What are Gastric Ulcers?
Gastric ulcers are caused by prolonged exposure to acid in the stomach, leading to erosion of the stomach lining. Ulcers can appear in two areas; the glandular mucosa and the squamous mucosa. The glandular mucosa is naturally in contact with the acid, and ulcers here can indicate a reduced ability of this tissue to protect itself. The squamous mucosa is the non-glandular tissue that should not normally be in contact with the stomach acid. Ulcers here can be caused by forage deprivation, exercise on an empty stomach, high work intensities and diets high in concentrates.
How do I know if my horse has Gastric Ulcers?
- Poor condition
- Reluctance to eat
- Discomfort when girthing or grooming
- Weight loss
- Recurrent or acute colic
- Poor performance
- Changes in attitude and behaviour
Some horses show few or very subtle symptoms. If your horse is showing any of these symptoms, please contact the clinic.
What is a Gastroscopy?
A gastroscopy can provide a definitive answer as to whether your horse is suffering from gastric ulcers. It allows us to visualise the lining of the stomach by passing a 3m long endoscope through the nasal passage into the back of the throat, where it is then swallowed into the oesophagus. The endoscope is then passed down the oesophagus to the stomach. The horse is sedated for this procedure, and it should take approximately 15 minutes to carry out.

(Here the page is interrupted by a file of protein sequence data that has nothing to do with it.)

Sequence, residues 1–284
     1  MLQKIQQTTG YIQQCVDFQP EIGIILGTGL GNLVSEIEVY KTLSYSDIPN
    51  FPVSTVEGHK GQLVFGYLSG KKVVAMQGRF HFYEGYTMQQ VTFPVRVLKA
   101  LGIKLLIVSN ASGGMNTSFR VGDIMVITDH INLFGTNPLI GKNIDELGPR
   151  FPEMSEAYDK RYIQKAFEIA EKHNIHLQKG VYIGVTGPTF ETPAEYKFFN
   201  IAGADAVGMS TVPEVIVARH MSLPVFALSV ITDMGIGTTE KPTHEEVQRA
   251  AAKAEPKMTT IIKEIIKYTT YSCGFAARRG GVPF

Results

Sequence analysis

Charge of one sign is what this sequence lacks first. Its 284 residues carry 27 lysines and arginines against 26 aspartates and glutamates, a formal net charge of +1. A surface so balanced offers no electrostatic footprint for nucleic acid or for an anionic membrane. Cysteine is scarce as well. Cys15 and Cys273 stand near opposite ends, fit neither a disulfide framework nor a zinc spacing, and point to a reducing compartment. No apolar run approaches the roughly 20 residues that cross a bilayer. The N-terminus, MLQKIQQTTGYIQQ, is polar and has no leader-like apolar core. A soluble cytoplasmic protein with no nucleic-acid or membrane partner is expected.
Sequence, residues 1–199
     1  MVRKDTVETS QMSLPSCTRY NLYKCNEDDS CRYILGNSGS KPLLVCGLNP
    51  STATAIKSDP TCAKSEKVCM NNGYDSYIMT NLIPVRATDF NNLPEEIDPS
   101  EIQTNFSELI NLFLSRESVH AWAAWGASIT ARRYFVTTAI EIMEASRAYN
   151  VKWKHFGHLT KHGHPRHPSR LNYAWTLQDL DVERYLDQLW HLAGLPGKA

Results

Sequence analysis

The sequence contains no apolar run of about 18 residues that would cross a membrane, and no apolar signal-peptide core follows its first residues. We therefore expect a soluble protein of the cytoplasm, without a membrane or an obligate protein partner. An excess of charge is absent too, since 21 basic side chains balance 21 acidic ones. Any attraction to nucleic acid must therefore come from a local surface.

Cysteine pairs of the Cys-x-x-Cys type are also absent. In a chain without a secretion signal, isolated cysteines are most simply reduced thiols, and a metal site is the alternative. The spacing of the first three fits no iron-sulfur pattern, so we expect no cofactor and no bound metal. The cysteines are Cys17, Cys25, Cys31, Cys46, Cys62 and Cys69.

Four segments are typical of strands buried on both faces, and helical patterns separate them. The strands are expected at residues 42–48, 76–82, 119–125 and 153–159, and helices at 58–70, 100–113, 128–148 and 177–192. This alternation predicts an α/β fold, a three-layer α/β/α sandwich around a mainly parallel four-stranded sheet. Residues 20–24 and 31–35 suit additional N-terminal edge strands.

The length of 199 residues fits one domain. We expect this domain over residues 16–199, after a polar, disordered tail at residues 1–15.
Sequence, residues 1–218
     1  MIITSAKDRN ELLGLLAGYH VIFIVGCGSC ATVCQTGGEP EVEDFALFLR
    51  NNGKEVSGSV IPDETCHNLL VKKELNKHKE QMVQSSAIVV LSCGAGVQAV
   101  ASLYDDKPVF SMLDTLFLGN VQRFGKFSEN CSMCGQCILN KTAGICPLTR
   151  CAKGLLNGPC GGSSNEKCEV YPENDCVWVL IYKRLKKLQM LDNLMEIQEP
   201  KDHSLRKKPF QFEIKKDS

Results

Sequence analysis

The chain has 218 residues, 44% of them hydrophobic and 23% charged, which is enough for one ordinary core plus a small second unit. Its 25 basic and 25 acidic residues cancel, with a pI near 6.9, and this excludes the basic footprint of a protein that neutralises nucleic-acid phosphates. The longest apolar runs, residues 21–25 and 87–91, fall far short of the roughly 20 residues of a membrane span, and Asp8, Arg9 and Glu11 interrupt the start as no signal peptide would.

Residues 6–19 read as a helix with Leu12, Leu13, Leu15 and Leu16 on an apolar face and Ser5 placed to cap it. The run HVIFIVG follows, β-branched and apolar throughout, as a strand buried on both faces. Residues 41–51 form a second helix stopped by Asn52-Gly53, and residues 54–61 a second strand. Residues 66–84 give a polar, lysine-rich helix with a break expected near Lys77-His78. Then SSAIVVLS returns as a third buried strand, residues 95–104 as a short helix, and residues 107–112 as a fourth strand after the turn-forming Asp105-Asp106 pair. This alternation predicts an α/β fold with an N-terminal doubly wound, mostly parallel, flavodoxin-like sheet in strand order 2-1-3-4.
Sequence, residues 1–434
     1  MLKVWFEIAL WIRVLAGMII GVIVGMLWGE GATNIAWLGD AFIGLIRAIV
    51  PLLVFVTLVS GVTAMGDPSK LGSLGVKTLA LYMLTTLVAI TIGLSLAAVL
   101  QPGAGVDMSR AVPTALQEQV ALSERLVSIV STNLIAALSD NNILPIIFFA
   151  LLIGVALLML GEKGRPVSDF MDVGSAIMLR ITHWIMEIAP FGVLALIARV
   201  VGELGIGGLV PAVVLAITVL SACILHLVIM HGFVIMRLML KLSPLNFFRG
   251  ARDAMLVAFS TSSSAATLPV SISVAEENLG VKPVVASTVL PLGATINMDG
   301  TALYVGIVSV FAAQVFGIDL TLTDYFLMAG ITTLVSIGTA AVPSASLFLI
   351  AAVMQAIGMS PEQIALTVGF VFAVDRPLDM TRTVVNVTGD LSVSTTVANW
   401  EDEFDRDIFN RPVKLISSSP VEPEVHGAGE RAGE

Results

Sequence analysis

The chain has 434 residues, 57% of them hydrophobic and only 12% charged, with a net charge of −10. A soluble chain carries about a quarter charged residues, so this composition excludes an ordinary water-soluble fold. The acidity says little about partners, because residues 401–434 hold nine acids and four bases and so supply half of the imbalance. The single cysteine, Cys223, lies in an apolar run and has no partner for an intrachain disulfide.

What is the procedure prior to the gastroscopy?
To visualise the mucosa, the stomach must be empty. Therefore, the horse must be starved overnight in order for them to be ready for their procedure in the morning.
It is possible to do gastroscopies on the yard if necessary but ideally your horse will be admitted to the clinic the day before the procedure. We advise that the gastroscopy is booked for the morning; this allows you to take the food out after the horse’s evening feed.
If you are starving your horse yourself, you should ensure that they do not have access to any food for 12 hours prior to the procedure. Ideally the horse should be on inedible bedding, and it is advised that they are muzzled if they are likely to eat any bedding or faeces. The water should be taken out one hour before the procedure.
If the horse is not starved correctly then it is more difficult to give an accurate diagnosis.
What happens after the gastroscopy?
After the procedure, your horse needs to wake up from the sedation; this can take up to an hour. Once awake, your horse can be fed and have water back in the stable. We suggest a wet feed or small amount of wet forage to start with. Once they have eaten, the horse can then travel home.
What happens next?
If your horse does have gastric ulcers then a treatment plan will be devised, including medication, diet and management changes. After treatment, it is advised that your horse has a repeat gastroscopy to see if the condition has improved.